The U.S. pregnancy rate fell to a 12-year low in 2009, continuing a trend that has seen a 10% decline since 1990, according to a government report (PDF)
According to the National Center for Health Statistics, there were 102 pregnancies for every 1,000 women in 2009, the lowest rate since 1997 and the second-lowest rate in the last 30 years.
Much of the overall decline came from a stark drop in teenage pregnancies from 1990 to 2009. Pregnancy rates for teens ages 15 to 17 declined 53% during the period, while pregnancy rates for women ages 18 and 19 were down by 36%.
The report suggests that women are waiting longer to begin having children, as rates among all age groups studied have decreased except for women over 30, whose pregnancy rates have steadily increased from 1990 to 2009.
At the same time, the study found that the abortion rate in 2009 was 32% lower than in 1990.
The study found that social determinants, including the Great Recession and the struggling economy
over the last several years, may have played a role in the decreases found among younger women, who were more likely to be affected by the recession.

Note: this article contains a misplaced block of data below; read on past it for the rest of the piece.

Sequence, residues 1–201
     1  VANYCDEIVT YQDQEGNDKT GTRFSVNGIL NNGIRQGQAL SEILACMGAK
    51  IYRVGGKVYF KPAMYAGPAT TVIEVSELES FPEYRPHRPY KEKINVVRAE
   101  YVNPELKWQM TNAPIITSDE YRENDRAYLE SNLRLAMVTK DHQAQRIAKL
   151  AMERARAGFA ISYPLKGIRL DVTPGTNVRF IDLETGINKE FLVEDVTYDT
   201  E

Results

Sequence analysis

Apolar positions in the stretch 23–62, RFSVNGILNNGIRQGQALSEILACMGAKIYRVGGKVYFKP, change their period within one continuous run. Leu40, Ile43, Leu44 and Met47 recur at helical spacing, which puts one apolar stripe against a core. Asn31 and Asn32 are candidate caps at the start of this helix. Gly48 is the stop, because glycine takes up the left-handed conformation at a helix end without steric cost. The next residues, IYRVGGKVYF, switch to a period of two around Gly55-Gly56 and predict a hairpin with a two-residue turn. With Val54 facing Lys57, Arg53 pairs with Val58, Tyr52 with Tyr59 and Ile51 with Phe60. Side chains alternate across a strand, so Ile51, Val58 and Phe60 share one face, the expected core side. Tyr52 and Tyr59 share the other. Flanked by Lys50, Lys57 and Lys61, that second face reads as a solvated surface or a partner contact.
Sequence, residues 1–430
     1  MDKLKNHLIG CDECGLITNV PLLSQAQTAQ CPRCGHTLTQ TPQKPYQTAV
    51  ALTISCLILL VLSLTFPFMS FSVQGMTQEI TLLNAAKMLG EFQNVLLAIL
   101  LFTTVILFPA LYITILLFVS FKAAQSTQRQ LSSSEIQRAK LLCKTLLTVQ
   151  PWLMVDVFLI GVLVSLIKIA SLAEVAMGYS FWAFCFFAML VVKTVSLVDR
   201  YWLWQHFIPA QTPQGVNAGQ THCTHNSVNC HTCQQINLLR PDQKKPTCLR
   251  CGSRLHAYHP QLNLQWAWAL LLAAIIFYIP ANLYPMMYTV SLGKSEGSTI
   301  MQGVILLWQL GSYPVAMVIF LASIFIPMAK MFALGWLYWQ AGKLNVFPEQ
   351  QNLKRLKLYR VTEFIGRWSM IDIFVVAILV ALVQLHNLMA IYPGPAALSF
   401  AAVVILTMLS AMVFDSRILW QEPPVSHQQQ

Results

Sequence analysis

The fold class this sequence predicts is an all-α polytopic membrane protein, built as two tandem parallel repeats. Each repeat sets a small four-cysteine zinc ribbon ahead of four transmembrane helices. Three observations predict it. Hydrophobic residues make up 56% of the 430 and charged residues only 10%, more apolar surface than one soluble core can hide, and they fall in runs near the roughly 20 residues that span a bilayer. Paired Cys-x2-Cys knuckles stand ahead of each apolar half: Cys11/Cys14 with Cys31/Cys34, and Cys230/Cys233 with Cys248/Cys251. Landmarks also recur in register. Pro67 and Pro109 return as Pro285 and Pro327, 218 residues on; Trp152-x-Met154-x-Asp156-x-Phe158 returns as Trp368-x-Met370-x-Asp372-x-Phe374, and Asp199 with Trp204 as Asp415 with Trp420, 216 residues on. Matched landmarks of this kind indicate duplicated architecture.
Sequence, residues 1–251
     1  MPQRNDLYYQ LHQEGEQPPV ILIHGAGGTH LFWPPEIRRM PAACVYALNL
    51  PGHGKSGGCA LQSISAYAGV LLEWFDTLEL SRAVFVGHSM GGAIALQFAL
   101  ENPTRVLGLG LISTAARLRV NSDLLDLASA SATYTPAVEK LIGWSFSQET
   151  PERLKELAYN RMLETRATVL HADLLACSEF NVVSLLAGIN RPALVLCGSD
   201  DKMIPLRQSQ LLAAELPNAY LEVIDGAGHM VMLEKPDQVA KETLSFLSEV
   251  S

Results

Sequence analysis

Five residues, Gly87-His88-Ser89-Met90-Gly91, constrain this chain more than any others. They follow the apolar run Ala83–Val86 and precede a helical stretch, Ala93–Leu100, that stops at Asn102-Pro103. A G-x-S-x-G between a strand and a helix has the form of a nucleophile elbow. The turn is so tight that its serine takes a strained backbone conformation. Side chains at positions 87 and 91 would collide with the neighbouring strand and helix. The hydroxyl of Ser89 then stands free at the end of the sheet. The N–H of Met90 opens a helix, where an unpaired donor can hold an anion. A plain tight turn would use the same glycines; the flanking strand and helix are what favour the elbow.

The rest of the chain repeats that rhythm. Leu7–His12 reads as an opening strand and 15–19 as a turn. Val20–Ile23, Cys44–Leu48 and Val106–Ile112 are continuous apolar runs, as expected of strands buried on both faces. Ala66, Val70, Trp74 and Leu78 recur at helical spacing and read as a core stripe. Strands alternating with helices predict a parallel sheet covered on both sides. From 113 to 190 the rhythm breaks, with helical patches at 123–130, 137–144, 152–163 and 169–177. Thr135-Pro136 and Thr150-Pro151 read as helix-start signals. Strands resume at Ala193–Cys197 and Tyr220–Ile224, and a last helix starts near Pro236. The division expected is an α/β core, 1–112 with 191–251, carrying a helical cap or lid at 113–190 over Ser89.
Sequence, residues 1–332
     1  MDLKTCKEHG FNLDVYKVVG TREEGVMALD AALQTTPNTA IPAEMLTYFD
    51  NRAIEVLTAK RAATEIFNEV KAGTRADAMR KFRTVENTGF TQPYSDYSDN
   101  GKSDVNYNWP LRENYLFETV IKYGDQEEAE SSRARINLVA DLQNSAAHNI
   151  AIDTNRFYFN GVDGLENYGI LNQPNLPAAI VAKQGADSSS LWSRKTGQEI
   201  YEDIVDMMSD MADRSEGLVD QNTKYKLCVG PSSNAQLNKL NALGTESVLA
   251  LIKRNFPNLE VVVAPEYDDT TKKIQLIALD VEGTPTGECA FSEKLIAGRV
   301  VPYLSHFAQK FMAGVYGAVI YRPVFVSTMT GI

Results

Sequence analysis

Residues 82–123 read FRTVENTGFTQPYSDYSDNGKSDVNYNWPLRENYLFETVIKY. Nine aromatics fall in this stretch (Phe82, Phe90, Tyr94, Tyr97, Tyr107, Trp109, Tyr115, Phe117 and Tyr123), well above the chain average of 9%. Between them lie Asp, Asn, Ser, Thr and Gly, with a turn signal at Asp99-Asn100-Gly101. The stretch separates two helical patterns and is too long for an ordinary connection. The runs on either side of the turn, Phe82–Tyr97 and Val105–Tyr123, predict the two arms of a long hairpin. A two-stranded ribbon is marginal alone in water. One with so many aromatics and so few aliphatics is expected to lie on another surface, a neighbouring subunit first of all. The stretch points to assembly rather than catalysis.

“It's important to look at the age groups and what's going on in the economy and job markets,” said Dr. Julie Levitt, an OB/GYN at Northwestern Memorial Hospital in Chicago. “A lot of people are going back to school in the recession and postponing their childbearing to try to gain more education before they start their families. That's why we see a lot of those women waiting to start their families.”
Levitt said the findings of the report were consistent with what she saw among her patients. “I would say over time, we're seeing fewer patients who are 25 and younger coming in spontaneously pregnant,” Levitt said. “I typically see women who are 30, 32, 34, or 38, 40, 42, whether they need assisted techniques or not.”
While economics might attribute to the decline in pregnancies for women in their 20s, the decrease in teenage pregnancies may also be due to attitude changes regarding sex and birth control practices.
A 2011 CDC report (PDF)
found that the percentage of teenage girls ages 15 to 19 who reported ever having a sexual encounter dropped from 51% in 1988 to 42% in 2010. Meanwhile, 78% of teen girls reported using some form of contraception during their first sexual encounter in 2010, compared with 66% of teen girls in 1988.
Levitt attributed the downward trend in teen pregnancies to an increased focus on sexual education and greater access to contraception, including morning-after pills.Follow Steven Ross Johnson on Twitter: @MHSjohnson